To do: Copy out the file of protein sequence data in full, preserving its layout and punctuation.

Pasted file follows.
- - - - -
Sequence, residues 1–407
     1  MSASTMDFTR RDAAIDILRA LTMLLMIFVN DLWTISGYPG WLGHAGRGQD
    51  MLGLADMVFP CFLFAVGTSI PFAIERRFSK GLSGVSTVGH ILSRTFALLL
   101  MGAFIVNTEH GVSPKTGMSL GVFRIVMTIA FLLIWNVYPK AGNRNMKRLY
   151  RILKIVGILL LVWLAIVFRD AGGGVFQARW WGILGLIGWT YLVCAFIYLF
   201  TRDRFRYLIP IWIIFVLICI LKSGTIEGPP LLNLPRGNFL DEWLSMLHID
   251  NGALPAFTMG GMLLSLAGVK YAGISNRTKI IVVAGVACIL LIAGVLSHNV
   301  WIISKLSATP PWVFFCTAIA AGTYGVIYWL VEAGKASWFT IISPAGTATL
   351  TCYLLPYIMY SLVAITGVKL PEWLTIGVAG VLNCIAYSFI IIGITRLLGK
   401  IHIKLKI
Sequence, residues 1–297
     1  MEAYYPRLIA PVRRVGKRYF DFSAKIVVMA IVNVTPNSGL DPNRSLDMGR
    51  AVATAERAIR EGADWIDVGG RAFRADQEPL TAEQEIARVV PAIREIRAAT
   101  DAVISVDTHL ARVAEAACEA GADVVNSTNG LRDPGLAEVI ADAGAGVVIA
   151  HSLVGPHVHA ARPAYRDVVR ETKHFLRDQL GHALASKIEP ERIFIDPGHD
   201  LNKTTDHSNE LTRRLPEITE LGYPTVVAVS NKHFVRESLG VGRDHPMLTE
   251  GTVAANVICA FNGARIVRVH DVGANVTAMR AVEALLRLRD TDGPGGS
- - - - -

Sequence, residues 1–407
     1  MSASTMDFTR RDAAIDILRA LTMLLMIFVN DLWTISGYPG WLGHAGRGQD
    51  MLGLADMVFP CFLFAVGTSI PFAIERRFSK GLSGVSTVGH ILSRTFALLL
   101  MGAFIVNTEH GVSPKTGMSL GVFRIVMTIA FLLIWNVYPK AGNRNMKRLY
   151  RILKIVGILL LVWLAIVFRD AGGGVFQARW WGILGLIGWT YLVCAFIYLF
   201  TRDRFRYLIP IWIIFVLICI LKSGTIEGPP LLNLPRGNFL DEWLSMLHID
   251  NGALPAFTMG GMLLSLAGVK YAGISNRTKI IVVAGVACIL LIAGVLSHNV
   301  WIISKLSATP PWVFFCTAIA AGTYGVIYWL VEAGKASWFT IISPAGTATL
   351  TCYLLPYIMY SLVAITGVKL PEWLTIGVAG VLNCIAYSFI IIGITRLLGK
   401  IHIKLKI
Sequence, residues 1–297
     1  MEAYYPRLIA PVRRVGKRYF DFSAKIVVMA IVNVTPNSGL DPNRSLDMGR
    51  AVATAERAIR EGADWIDVGG RAFRADQEPL TAEQEIARVV PAIREIRAAT
   101  DAVISVDTHL ARVAEAACEA GADVVNSTNG LRDPGLAEVI ADAGAGVVIA
   151  HSLVGPHVHA ARPAYRDVVR ETKHFLRDQL GHALASKIEP ERIFIDPGHD
   201  LNKTTDHSNE LTRRLPEITE LGYPTVVAVS NKHFVRESLG VGRDHPMLTE
   251  GTVAANVICA FNGARIVRVH DVGANVTAMR AVEALLRLRD TDGPGGS